PHILIPPINES – Health officials in the Philippines are launching a nationwide study to determine whether medical facilities can function during an emergency. With an average of 20 typhoons each year, the island nation is one of the most disaster-prone countries worldwide.
The study entails the use of a checklist checklist of indicators to assess structural, non-structural, and functional elements of health structures. Started in 2008-2009, the project initially developed assessment tools and evaluated 25 hospitals in Metro Manila and National Capital region.
As the hub of the country’s commerce and business, some 12 million people live in metropolitan Manila alone.
According to Carmencita Banatin, director of the Health Emergency Management Staff (HEMS-DOH), the Department of Health office spea rheading the initiative, the initial evaluation in 2009 was an “eye-opener” for some hospitals that realized making hospitals safe from disasters did not necessarily require a lot of capital.
“Tying oxygen tanks to walls to make sure they don’t hurt people in the event of an earthquake, moving critical structures from the basement or first floor of a hospital to higher floors to protect them from floods, were just some of the simple and easy to implement solutions identified,” said Banatin.
Bolstering a building to withstand disaster, if done from the planning stages pre-construction, adds only four percent to total costs, experts estimate.
This year, the new survey will assess more than 2,000 hospitals in Luzon, Visayas, and Mindanao. The nationwide study is scheduled for completion by 2015.
According to the most recent government data from 2007, there are 1,578 hospitals nationwide, of which 617 are government hospitals.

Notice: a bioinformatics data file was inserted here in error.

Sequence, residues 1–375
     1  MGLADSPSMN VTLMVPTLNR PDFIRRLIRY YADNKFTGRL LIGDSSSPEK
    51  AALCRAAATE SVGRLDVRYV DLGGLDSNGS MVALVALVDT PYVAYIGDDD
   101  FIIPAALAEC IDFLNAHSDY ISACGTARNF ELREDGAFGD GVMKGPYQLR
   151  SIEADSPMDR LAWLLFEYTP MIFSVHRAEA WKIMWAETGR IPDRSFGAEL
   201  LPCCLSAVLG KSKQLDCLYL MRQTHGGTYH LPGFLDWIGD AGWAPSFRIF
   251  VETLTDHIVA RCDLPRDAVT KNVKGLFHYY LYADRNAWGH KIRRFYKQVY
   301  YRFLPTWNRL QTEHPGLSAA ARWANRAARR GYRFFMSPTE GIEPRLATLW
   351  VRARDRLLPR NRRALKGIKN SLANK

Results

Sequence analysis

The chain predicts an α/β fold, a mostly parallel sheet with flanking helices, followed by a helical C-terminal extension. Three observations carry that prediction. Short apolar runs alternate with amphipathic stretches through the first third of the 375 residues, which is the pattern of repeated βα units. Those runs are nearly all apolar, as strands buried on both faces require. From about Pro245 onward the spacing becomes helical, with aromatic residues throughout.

Last December, Typhoon Washi caught officials unprepared when massive flash floods swept through the southern island of Mindanao. More than one million people were affected in the hardest-hit cities of Cagayan de Oro and Iligan.
“Even if the hospital was prepared structurally and all that, we were still caught flat-footed… especially since the rains came during the night,” Enrique Saab, head of Northern Mindanao Medical Center’s emergency room in Cagayan de Oro, told IRIN in January shortly after the typhoon hit.
“We have bomb drills and earthquake drills, but not flood drills because we are not known to be a flood-prone area,” he added.
Banatin said the Health Department was ill-equipped to judge whether or not a health facility was in a disaster-prone zone.
Apart from ensuring hospital safety, the Health Department, NGOs, and local organizations are working to improve the referral system to allow hospitals to deal with patient surges post-disaster.
“Strengthening a referral network will aid in faster response time. Hospitals nearest those in the disaster-hit area can be alerted so that they can lend assistance and manpower or bring in supplies,” Bu Castro, president of the Philippine Hospital Association (PHA), told IRIN.
Some of the most oft-overlooked elements become crucial in an emergency, he added.
“In the event of earthquakes where roads are torn up or not passable, how do you even get to the hospital? Alternative routes need to be mapped out. Where do healthcare workers get access to a map like that?”
According to the Belgium-based Center for Research on the Epidemiology of Disasters (CRED), the Philippines is one of the most natural disaster-prone areas in the world, with some 33 incidents in 2010-11 leading to an estimated 1,500 deaths.
Typhoon Pedring alone affected more than three million people and caused US$13.6 million in damage to 63 health facilities last September, according to the government’s National Disaster Risk Reduction and Management Council.
Recently, the government released $178 million to its “calamity fund,” a 50 percent increase over the previous year’s budget.
Of this fund, $115 million will go on repairing and reconstruction of permanent structures, while $63 million will be used for disaster aid and relief to stricken areas.